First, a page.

You might imagine that an application for desktop notes would be too commonplace to generate controversy. Yet when Hubert Figuiere created Gnote, a port of the GNOME application Tomboy to C++, controversy erupted immediately.
Tomboy, you see, is written in Mono, an implementation of Microsoft's .NET that many fear is patent-encumbered, and might be used against the free software community one day. That hasn't happened in the six years of its existence, but the concern remains widespread, partly legitimate and partly conspiracy theory and demagoguery. Against this background, Gnote was hailed as the liberation of a Mono-encumbered application, as you can see in the responses to the release announcements.
Unfortunately, this reception has two things wrong with it: Figuiere insists that "this has nothing to do with Mono," and the concerns that Tomboy developers have about Gnote are minor and have little to do with programming languages.
An unlikely hero and his reasons
Part of the reason for Gnote's reception is that, in some circles, Figuiere has a reputation for being hostile to Mono. For example, Tomboy developer Sandy Armstrong, who wrote a response to the release of Gnote on his blog, tells me that Figuiere "has gone on the record many times as having a problem with Mono."
However, the truth seems more complicated, and not just because of Figuiere's flat denial. According to Figuiere's LinkedIn profile, he worked two years at Novell, the major sponsor of Mono, as a desktop developer specializing in GNOME and Mozilla, but mostly as a jack-of-all-trades. Two years would be a long time for anyone to work for an employer with whom you had philosophical differences. And, given the areas in which he worked, it is almost inconceivable that Figuiere never had some dealings with Mono for Novell. He certainly did so previously when he worked at Xandros, where he packaged Mono for the company's distribution.
Not that Figuiere is a Mono advocate. But his opposition over the years has been more practical than philosophical. For instance, in several discussion threads about Including Mono in GNOME on the desktop-devel-list in July 2006, Figuiere objected to shipping Mono-based apps on the grounds that the language required a lot of disk space, but was supporting only minor applications -- and he made the same objection to Python, a far less contentious programming language.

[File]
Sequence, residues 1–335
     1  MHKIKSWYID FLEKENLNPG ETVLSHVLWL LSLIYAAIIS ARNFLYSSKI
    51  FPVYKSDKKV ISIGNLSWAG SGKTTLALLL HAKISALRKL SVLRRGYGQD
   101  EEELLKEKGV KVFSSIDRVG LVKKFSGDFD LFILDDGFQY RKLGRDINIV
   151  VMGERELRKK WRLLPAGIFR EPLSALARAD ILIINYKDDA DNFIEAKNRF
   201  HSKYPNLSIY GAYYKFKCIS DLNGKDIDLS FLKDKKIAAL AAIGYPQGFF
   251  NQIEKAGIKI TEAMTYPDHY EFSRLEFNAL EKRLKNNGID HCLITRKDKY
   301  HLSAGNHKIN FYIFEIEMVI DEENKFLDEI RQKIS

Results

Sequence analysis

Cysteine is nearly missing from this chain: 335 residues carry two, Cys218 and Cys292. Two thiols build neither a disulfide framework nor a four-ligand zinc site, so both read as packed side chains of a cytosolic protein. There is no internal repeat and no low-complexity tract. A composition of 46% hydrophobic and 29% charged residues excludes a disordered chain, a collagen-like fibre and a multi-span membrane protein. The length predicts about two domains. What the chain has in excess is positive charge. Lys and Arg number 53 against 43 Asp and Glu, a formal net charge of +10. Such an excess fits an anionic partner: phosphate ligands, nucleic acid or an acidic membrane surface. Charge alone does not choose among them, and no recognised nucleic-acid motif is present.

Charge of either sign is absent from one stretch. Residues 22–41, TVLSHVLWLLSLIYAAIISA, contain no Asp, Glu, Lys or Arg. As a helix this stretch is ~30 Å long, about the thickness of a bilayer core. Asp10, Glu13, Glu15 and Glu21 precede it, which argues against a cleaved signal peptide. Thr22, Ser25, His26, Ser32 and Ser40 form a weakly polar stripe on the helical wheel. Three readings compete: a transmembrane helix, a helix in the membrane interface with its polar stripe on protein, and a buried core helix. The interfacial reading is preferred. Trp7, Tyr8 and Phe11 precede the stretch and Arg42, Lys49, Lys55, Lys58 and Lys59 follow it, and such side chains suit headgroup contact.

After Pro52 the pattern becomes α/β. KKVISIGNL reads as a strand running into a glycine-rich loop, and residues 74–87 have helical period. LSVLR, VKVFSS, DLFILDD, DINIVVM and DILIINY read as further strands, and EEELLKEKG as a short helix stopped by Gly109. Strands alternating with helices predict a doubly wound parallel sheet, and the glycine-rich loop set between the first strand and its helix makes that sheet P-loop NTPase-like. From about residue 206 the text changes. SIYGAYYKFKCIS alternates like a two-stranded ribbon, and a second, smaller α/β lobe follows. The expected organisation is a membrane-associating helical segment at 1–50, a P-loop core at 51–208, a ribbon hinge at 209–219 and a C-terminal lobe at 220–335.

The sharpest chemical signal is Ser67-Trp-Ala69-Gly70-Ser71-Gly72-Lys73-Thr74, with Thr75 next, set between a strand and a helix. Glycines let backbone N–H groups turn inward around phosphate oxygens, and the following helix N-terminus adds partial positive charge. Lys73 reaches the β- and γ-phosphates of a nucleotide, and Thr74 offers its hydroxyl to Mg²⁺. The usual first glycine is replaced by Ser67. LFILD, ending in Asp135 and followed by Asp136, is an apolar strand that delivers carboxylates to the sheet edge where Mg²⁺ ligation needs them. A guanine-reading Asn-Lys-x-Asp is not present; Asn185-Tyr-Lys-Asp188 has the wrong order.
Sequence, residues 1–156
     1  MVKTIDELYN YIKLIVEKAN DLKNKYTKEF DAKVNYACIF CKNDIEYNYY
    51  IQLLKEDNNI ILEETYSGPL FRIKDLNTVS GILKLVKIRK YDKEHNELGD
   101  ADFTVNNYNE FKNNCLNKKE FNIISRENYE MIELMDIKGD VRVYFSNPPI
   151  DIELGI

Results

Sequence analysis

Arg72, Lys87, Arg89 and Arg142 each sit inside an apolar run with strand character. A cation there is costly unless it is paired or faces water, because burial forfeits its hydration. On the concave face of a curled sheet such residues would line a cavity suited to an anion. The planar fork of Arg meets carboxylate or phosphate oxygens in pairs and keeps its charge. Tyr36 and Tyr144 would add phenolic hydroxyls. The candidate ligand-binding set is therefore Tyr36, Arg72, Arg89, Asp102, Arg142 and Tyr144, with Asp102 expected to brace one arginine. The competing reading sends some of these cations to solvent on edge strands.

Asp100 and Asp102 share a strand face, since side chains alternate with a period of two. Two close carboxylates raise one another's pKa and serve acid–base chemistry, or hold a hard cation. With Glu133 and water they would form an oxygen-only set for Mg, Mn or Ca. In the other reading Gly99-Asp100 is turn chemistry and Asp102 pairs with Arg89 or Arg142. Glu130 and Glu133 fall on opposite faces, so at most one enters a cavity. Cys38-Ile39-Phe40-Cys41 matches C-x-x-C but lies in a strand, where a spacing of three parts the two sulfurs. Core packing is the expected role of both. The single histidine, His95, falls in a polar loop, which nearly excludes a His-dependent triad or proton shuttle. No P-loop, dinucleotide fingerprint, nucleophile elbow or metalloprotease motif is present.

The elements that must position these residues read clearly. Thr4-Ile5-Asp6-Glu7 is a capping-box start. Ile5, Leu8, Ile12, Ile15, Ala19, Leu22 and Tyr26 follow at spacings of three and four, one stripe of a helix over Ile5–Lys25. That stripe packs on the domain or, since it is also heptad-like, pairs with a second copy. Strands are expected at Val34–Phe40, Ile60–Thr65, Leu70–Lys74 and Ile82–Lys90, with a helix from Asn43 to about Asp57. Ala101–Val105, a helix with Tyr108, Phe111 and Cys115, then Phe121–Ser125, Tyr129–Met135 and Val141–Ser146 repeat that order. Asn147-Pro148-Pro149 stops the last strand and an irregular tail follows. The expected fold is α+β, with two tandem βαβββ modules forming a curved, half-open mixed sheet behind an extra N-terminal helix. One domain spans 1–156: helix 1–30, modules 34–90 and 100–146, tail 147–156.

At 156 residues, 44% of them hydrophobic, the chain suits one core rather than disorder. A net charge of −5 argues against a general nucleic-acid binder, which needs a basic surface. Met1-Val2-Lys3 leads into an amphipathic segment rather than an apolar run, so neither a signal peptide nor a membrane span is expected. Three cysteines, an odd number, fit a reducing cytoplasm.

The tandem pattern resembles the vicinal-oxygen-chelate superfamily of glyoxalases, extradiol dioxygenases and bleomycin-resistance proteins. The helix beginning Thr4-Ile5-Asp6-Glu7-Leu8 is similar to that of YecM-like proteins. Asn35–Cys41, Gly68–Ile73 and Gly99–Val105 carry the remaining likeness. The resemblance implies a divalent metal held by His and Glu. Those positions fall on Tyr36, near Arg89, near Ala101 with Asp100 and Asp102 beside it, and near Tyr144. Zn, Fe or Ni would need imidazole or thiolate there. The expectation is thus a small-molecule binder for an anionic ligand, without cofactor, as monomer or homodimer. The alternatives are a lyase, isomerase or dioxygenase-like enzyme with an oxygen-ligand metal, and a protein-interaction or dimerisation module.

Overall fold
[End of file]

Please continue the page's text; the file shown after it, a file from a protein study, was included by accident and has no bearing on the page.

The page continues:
This objection, incidentally, is one that he continues to hold today. Gnote, he tells me, "has all to do with the burden of carrying runtime systems designed to make the programmer's life easier (but not the users'). Had Tomboy been written in Python, it would have gotten the same treatment."
Of course, Figuiere might have soured on Mono after being laid off at Novell in February. But, if he did, it would be strange if he continued to use what he describes as an "openSUSE 11.1 custom build with SUSE Studio with some custom packages" -- free software versions of Novell's own products.
Nor does any sudden dislike of Novell feature in Figuiere's explanation of why he created Gnote. His general explanation is that, "In my attempts to fight my own boredom, as an unemployed hacker, I took on myself to do something: porting Tomboy to C++." This is an idea that has apparently interested him since another GNOME developer made the same efforts in July 2006, but he never previously had time to explore.
A more immediate motivation was that Figuiere was running an older netbook, and wanted a note application, but felt that "the runtime dependency on Mono was a problem for a space-constrained device."
In other words, Figuiere was not writing code to liberate free software from the Mono-poly of Tomboy (if you can excuse the pun). He was writing code for which he had a personal need. His focus, as you can see from his description of the technical challenges in his first announcement, was entirely practical.
Issues within the community
Gnote has roused other concerns within the GNOME community in general and the Tomboy community in particular. An apparent fork is always a matter for concern in free software. As Armstrong points out, it risks "wasted developer effort" -- a constant worry since most projects are understaffed to begin with.